background-image: -webkit-gradient(linear, 0% 0%, 0% 100%, from(#444), to(#333));
    -webkit-transition: all 300ms ease-out;
    -webkit-box-shadow: 0 -1px 3px rgba(0,0,0,0.65);
    opacity: 0;
    z-index: 200;
.admin-panel:hover {
    bottom: 0;
    opacity: 1;

There's a bit more CSS required to format the list properly, which you can see in the full code below. You may also have noticed the icons next to all of the links, which is done with some more CSS that looks something like this…

.admin-panel ul li:nth-child(1) a { /* edit */
    background: transparent url(/images/edit.png) no-repeat;

… repeated for the remaining 11 links.

I decided to use the nth-child selector so that I didn't have to add a whole lot of spans to the markup, but if this was going to be used by many people, you would have to consider that not every browser supports the selector.

And finally, there's a little info flipper in the bottom left corner that I couldn't resist adding. I'll save explaining how that was done for another day.


One thing that would make the panel complete would be the option to choose to 'pin' it to the screen so that it didn't disappear when you moved your mouse away from it, but I'm reasonably sure that cannot be achieved with CSS alone.
EDIT: This has now been implemented - see below for how it was achieved.

Something else that would make it even more complete would be the ability to put a tag cloud in the panel. When tagging new blog posts I often have to open up the site dashboard to look at the tag cloud to check for related tags - having the cloud handy at the bottom of the screen would be a great improvement, but unfortunately adding the tag cloud seems to break the panel - I'm just not sure why… yet.

Another problem is that on narrow displays the floated info flipper causes the lists to collapse below it, where they cannot be accessed. This could easily be resolved by removing the flipper, but then how would I entertain myself?

The panel works well in Safari and Chrome, and I'm reasonably sure it's okay in Firefox and Opera, but I haven't tested it in Internet Explorer - I have better things to do with my time.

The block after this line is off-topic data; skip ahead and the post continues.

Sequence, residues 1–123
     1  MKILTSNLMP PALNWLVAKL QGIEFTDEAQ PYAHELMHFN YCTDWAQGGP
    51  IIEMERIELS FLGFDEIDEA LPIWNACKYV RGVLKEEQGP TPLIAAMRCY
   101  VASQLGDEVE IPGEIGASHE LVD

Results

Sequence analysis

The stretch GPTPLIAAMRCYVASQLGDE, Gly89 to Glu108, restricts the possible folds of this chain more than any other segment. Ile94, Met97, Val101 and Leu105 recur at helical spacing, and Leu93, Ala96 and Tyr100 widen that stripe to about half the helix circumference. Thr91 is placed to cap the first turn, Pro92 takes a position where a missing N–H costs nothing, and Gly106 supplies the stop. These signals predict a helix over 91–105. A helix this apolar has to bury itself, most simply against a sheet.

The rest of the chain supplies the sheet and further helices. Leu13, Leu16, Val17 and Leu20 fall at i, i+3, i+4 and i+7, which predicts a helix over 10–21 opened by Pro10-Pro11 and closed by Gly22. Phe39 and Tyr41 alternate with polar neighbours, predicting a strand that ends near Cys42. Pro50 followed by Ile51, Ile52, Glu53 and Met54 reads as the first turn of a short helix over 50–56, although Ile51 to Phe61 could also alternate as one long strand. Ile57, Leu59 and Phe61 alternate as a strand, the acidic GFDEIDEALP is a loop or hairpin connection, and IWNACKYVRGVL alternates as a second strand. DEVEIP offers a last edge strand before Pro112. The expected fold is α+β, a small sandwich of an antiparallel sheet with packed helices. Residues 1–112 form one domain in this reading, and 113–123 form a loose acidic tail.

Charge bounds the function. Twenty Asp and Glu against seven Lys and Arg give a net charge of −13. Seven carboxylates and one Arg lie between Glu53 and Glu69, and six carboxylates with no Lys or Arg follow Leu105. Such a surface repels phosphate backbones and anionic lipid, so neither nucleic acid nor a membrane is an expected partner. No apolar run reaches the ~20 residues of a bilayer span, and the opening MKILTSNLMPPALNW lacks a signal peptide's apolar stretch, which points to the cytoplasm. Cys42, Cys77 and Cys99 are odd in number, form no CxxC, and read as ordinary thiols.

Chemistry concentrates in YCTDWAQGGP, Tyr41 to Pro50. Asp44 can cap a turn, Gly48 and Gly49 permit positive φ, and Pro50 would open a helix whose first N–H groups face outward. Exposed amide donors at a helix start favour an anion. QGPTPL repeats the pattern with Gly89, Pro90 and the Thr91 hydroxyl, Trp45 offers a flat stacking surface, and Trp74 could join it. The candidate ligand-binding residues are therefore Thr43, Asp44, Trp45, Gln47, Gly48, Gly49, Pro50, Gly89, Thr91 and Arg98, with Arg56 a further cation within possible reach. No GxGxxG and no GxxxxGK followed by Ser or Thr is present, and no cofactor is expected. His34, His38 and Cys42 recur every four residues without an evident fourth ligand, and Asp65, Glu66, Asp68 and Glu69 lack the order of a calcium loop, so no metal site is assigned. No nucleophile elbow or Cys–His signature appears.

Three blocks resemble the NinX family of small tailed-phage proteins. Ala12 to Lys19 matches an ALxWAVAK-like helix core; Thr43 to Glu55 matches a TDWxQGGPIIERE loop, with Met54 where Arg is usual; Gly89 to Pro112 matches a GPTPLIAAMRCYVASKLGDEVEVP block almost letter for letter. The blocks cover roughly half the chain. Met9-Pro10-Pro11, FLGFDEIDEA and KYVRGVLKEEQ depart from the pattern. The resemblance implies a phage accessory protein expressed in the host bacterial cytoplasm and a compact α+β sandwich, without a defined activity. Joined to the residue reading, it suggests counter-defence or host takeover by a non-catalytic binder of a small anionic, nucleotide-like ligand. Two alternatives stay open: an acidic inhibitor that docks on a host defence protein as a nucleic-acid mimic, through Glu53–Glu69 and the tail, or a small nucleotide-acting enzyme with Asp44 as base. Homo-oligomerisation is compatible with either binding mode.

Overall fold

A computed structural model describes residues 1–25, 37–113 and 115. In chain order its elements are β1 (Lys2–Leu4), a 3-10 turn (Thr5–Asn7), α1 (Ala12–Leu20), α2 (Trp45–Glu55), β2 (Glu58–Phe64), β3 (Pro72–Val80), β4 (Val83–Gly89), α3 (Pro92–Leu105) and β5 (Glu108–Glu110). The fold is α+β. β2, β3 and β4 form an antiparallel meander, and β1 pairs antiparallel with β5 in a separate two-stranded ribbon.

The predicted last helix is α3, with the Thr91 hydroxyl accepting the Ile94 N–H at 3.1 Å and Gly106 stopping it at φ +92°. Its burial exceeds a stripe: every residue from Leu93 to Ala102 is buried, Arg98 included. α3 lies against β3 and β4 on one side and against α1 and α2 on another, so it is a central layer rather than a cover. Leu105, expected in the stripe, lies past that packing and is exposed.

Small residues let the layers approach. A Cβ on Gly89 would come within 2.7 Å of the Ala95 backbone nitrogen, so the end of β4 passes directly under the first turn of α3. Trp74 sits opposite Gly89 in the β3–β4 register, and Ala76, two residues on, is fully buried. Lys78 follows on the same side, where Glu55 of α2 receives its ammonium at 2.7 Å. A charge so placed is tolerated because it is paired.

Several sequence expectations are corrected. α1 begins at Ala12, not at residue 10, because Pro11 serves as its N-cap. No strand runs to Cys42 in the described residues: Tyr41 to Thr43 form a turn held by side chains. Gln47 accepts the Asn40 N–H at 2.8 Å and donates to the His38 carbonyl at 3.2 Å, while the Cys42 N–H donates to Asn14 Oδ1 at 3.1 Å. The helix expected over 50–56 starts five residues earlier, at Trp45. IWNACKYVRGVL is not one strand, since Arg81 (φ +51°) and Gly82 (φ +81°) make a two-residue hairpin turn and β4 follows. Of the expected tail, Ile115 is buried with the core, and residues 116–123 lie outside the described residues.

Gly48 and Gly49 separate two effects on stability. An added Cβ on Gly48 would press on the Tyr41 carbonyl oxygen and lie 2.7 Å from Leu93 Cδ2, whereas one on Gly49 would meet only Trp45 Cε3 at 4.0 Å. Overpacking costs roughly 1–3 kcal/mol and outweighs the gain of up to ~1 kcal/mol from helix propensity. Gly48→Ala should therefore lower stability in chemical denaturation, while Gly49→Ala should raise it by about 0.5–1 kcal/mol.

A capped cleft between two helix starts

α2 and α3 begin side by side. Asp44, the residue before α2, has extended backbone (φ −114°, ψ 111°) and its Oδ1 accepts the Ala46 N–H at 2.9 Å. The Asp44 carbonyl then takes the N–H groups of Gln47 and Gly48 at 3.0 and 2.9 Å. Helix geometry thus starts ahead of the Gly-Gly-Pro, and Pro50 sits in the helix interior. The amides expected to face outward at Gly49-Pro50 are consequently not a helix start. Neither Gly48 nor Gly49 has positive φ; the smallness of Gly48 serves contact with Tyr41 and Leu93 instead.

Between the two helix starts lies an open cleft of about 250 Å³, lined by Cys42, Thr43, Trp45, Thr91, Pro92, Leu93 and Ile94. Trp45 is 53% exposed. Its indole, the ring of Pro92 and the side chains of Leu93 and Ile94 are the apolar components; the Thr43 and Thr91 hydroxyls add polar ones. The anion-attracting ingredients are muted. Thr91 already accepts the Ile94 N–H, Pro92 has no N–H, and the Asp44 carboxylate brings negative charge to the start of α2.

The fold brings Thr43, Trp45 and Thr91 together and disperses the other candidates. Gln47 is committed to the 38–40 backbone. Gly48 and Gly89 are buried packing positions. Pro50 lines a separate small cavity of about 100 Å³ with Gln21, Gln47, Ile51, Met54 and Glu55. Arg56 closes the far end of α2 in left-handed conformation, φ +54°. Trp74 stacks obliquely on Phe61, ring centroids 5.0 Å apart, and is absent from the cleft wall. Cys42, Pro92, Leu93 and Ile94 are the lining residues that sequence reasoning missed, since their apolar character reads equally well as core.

The complete code

Here's the complete CSS that was used for the panel. And after the break there's a screenshot of the panel for anyone who hasn't yet figured out there's a demo enabled for all users on this page.

admin panel in action

Edit - a realisation I had…

Making the panel 'sticky'

Okay, so I've just worked out how we can add a toggle option to make the panel sticky. And unlike my comment below, this doesn't require the new wish be implemented. Here's how it works…
Using the pseudo selector :target, we can define different states for the .admin-panel class depending on whether or not a parent id is 'active' in the url. We can use existing ids in the wikidot page structure, which are parents of the .admin-panel class, to toggle this sticky state.

So, first with the toggle buttons, all we need to do is link to the id #content-wrap to turn it on, and any other id to turn it off.

[#content-wrap make footer sticky]
[#page-top unsticky it!]

Then for the CSS, we define the :target state of the #content-wrap item, which will pull it up from the bottom of the screen and make it 'sticky':

#content-wrap:target .admin-panel {
    bottom: 0;
    opacity: 1;

Now when the user clicks the link for #content-wrap, the admin panel will be activated and become sticky. Selecting any other id, or reloading the page, will 'unstick' the panel.

I'll go into this in more detail in another post sometime soon. In the meantime, enjoy the new sticky functionality of the admin panel!